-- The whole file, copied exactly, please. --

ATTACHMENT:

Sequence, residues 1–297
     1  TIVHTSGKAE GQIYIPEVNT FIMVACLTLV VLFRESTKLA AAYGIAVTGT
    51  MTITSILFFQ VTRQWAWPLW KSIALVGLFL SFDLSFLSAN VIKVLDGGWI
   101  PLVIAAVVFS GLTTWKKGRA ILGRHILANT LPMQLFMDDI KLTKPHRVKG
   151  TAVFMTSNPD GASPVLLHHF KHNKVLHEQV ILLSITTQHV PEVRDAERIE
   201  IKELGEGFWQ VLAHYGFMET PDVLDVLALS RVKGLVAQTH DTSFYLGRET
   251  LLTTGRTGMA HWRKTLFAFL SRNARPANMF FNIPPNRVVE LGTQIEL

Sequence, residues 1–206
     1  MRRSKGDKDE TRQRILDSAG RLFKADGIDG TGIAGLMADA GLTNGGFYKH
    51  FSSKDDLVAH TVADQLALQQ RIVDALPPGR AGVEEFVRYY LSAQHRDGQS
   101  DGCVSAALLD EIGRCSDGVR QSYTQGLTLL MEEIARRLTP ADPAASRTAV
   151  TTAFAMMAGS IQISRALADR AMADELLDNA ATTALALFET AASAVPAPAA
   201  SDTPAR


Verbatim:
Sequence, residues 1–297
     1  TIVHTSGKAE GQIYIPEVNT FIMVACLTLV VLFRESTKLA AAYGIAVTGT
    51  MTITSILFFQ VTRQWAWPLW KSIALVGLFL SFDLSFLSAN VIKVLDGGWI
   101  PLVIAAVVFS GLTTWKKGRA ILGRHILANT LPMQLFMDDI KLTKPHRVKG
   151  TAVFMTSNPD GASPVLLHHF KHNKVLHEQV ILLSITTQHV PEVRDAERIE
   201  IKELGEGFWQ VLAHYGFMET PDVLDVLALS RVKGLVAQTH DTSFYLGRET
   251  LLTTGRTGMA HWRKTLFAFL SRNARPANMF FNIPPNRVVE LGTQIEL

Sequence, residues 1–206
     1  MRRSKGDKDE TRQRILDSAG RLFKADGIDG TGIAGLMADA GLTNGGFYKH
    51  FSSKDDLVAH TVADQLALQQ RIVDALPPGR AGVEEFVRYY LSAQHRDGQS
   101  DGCVSAALLD EIGRCSDGVR QSYTQGLTLL MEEIARRLTP ADPAASRTAV
   151  TTAFAMMAGS IQISRALADR AMADELLDNA ATTALALFET AASAVPAPAA
   201  SDTPAR